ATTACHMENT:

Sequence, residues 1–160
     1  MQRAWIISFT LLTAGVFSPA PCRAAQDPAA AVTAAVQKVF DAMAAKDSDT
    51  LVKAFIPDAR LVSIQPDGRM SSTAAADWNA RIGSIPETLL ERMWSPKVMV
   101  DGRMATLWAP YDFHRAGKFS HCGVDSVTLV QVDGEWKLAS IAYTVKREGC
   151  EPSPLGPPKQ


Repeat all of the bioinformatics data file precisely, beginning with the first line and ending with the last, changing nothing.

Sequence, residues 1–160
     1  MQRAWIISFT LLTAGVFSPA PCRAAQDPAA AVTAAVQKVF DAMAAKDSDT
    51  LVKAFIPDAR LVSIQPDGRM SSTAAADWNA RIGSIPETLL ERMWSPKVMV
   101  DGRMATLWAP YDFHRAGKFS HCGVDSVTLV QVDGEWKLAS IAYTVKREGC
   151  EPSPLGPPKQ